Psychosis and the stone

I have always shied away from writing about two subjects – suicide and psychosis – and the time has come to stop not writing. I have briefly touched upon suicide in past blogs but I don’t think I’ve ever even touched up the subject of psychosis.

Bear with me whilst I define psychosis for you because doing this removes fear and by fear I mean mine and not yours.

Psychosis isn’t a condition in itself, it is triggered by other conditions such as manic depression (bipolar disorder), Parkinson’s Disease or drug and alcohol abuse and can be described as a mental health problem that causes people to perceive things in a different way from other people.

There’s nothing very frightening about that description is there? So why are we so terrified by the mention of psychosis? I can only answer the latter question based on my own experiences and I find mentioning psychosis seriously frightening because of the way people react because we all know that people with psychosis hang around on bus stops, machete at the ready, waiting for a likely victim to get off the next bus. I had a psychotic episode last night and it both scared me witless and convinced me that I had finally gone mad (again) I was not a danger to anybody – not even myself.

So what happens when I have periods of psychosis?

The inanimate objects always have it in for me. A few weeks ago it was that big plastic bag that something I’d bought arrived in threatening to suffocate me in my sleep. None of the carrier bags have ever behaved like that and those tiny little food bags would never dare even thing among those lines. The old bed was always grabbing on to my hair and twisting in so that I had trouble sleeping and last night it was the big stone I used as a door stop that caused the problems by jumping off the cupboard that I keep the cat food in. It scared me so much that I took it outside and put it beside one of the flower borders in the little park I live beside. I was convinced that I’d find it back in the flat this morning.

Lets get all the above into context and see exactly what it’s all about shall we?

All the episodes I’ve spoken about above came at the end of periods of rapid cycling and usually at the end of bouts of intense, though shortlived, mania. When I experience these short (about 1 hour) and intense bouts of mania I often feel deeply suicidal and have come close to it on several occasions. They are so destructive my head feels hot to the touch while they’re happening which is a very effective demonstration about how hard mania makes my mind work. Even during the lesser episodes when I have too much energy and am compelled to work it off my mind doesn’t stop moving for a second.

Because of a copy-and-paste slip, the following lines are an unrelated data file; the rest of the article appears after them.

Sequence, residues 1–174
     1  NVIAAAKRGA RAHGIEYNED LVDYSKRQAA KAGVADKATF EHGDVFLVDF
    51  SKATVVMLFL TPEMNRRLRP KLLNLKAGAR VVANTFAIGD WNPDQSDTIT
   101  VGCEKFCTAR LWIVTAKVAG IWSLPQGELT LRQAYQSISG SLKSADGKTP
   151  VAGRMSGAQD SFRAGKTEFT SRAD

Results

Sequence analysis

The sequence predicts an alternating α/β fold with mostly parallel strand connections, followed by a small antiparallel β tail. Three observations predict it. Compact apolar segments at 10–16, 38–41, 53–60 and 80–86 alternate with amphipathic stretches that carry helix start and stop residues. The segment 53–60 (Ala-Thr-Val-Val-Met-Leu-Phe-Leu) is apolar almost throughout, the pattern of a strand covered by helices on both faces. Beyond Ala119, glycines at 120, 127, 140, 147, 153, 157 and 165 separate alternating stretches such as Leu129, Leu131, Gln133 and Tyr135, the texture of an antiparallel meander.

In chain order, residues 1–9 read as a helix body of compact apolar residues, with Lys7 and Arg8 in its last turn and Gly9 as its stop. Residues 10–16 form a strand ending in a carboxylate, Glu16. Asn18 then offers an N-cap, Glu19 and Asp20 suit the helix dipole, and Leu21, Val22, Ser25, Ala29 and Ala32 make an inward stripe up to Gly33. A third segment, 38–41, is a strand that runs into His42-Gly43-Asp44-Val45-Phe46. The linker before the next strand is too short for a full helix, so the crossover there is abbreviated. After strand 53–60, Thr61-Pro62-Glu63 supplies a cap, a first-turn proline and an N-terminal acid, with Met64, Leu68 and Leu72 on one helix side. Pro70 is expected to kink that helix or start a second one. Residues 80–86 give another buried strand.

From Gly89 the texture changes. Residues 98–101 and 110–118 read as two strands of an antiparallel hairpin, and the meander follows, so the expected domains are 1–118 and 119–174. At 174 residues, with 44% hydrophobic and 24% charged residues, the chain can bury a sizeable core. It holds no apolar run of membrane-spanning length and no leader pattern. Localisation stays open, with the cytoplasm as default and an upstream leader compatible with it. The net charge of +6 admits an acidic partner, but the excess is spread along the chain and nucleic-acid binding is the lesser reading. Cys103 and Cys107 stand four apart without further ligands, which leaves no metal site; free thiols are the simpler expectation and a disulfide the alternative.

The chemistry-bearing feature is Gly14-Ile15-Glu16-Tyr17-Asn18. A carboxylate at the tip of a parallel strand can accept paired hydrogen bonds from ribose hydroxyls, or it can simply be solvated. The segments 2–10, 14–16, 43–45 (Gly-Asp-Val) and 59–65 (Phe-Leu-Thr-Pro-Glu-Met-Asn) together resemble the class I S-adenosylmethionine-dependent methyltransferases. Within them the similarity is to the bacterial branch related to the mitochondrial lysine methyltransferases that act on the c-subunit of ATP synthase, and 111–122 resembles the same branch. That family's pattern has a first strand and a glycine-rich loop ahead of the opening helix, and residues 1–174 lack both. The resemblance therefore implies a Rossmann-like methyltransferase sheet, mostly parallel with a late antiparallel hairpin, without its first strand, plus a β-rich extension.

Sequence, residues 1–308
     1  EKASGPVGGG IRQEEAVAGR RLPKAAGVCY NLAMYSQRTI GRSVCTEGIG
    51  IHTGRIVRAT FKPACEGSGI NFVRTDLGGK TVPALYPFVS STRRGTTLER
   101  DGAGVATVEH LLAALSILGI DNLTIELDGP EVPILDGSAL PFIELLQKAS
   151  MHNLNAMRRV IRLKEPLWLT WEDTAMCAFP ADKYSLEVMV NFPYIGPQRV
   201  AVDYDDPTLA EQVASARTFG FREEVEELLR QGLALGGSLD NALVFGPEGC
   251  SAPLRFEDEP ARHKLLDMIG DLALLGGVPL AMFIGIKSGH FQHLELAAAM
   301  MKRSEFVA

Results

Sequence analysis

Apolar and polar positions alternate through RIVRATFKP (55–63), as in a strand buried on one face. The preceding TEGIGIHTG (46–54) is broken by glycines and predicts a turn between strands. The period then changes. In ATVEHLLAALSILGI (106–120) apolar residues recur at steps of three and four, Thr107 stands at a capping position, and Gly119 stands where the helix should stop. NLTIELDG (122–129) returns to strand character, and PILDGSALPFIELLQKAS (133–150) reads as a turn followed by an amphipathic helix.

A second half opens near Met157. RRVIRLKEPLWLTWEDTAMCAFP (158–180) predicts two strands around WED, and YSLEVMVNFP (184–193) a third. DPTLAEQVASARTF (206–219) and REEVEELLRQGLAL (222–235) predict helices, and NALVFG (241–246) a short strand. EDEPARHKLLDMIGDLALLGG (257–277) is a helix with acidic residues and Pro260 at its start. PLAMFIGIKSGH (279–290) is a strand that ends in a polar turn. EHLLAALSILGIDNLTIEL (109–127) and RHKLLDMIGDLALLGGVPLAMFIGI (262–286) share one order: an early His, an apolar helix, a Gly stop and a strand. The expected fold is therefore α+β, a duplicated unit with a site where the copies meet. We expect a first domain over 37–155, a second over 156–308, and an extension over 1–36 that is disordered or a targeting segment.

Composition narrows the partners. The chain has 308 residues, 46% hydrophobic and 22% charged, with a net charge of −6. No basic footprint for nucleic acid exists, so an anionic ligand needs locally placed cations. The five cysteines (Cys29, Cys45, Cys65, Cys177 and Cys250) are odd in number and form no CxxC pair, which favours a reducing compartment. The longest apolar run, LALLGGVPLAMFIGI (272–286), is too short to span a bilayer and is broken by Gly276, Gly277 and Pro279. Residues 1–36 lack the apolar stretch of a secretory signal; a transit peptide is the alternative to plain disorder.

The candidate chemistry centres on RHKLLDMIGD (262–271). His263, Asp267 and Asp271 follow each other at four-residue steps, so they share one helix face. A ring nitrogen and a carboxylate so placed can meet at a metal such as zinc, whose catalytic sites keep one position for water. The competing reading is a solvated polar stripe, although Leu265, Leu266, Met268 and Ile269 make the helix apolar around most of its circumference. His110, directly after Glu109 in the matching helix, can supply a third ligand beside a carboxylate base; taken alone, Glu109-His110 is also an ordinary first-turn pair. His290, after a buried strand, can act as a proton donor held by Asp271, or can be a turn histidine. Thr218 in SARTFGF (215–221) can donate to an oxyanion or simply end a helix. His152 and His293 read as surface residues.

Now let us add in the obsessive element of Obsessive Compulsive Disorder (OCD). Obsession thoughts rule my life. I have some truly awful thoughts which play and replay in my mind on what feels like a never ending loop. This is one of the reasons I don’t follow people who tweet about animal cruelty on Twitter or Facebook because I cannot unsee images of animal abuse once I’ve seen them.

So if, during the phase where obsession and mania hit each other at great force, I think to myself even briefly that one of the cats may get into that thick plastic bag and die then the natural step is for me to think that if I’m not careful then I’ll suffocate myself with the bag. I couldn’t settle until I’d cut the bag into tiny pieces. Welcome to my psychosis.

Similarly the bed didn’t actually grab me or pull my hair it was an old and not very good bed that was made of metal and occasionally I’d get my hair caught. If I at the point where obsession and mania transformed into psychosis when it happened then I would be convinced that the bed was out to get me.

Last night Mister by biggest cat jumped off the low level cupboard that I keep the cat food in onto the tallboy that’s close to it. The stone that propped open doors was on the cupboard and it flew off. I wasn’t in the room when it happened but after a day of obsessive mania which had left me exhausted and bordering on psychosis it was enough to shove me over and I was convinced that the stone had jumped off the cupboard and so I ended up putting it outside.

I fear psychosis because I know what it takes for me to get there but I fear the reactions of others more.

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